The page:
Pairing floating solar photovoltaic (FPV) systems with hydroelectric power stations could boost global power generation capacity by up to 7.6 terawatts from the solar energy contribution alone. An assessment conducted by U.S. National Renewable Energy Laboratory (NREL) researchers indicates that almost 380,000 freshwater hydropower reservoirs worldwide could accommodate combining FPV sites with existing hydropower capacity.

Schematic of a hybrid FPV-hydropower system. Source: NRELSchematic of a hybrid FPV-hydropower system. Source: NRELThe dual generation technology is gaining traction in areas where space for ground-based solar energy systems is limited. Few such combined facilities exist, but the researchers point to the Alto Rabagão pumped-storage reservoir in Portugal, with an installed capacity of 220 solar kW. A 200 kW FPV project is also operational in Suvereto, Italy. About 10% of annual electricity production in the U.S. could be derived by installing floating solar panels on man-made reservoirs.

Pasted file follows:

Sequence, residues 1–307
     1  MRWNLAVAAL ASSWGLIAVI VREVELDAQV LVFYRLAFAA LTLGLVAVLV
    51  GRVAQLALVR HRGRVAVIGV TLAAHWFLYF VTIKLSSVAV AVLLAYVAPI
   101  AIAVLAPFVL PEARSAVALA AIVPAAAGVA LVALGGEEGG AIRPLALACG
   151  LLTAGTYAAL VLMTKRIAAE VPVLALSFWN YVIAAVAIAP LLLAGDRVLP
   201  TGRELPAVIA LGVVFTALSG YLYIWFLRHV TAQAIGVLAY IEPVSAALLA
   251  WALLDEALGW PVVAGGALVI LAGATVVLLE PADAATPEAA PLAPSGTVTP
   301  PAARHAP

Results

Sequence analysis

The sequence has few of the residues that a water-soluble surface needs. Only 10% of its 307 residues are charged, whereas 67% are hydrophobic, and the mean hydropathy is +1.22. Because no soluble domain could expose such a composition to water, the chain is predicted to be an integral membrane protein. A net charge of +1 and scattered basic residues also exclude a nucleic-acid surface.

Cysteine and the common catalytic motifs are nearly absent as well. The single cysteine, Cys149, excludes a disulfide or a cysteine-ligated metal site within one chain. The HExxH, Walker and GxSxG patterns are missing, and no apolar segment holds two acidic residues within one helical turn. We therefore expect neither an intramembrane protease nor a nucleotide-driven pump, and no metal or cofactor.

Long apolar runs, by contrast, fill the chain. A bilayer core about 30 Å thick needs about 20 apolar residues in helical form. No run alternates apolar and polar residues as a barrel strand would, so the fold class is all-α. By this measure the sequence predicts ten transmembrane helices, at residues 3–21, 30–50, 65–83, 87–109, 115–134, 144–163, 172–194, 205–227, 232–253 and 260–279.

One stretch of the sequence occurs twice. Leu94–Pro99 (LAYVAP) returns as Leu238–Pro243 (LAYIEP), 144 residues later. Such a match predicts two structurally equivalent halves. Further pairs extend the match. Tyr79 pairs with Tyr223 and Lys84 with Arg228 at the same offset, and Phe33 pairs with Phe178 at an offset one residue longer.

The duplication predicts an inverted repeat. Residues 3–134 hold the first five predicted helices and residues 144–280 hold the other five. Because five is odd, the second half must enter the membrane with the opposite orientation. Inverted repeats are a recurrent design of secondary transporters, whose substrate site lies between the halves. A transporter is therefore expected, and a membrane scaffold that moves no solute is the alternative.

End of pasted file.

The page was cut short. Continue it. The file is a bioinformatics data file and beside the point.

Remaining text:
Floating panels can increase the capacity factor of a hydropower plant by 50% to 100%, and can gain 7% to 14% more energy than a land installation due to the reduction of temperature. The hybrid solar-hydro approach represents a cost-effective strategy for allocating new photovoltaic plants without occupying natural lands, protecting dams from insulation and increasing hydropower generation by reducing evaporation losses.

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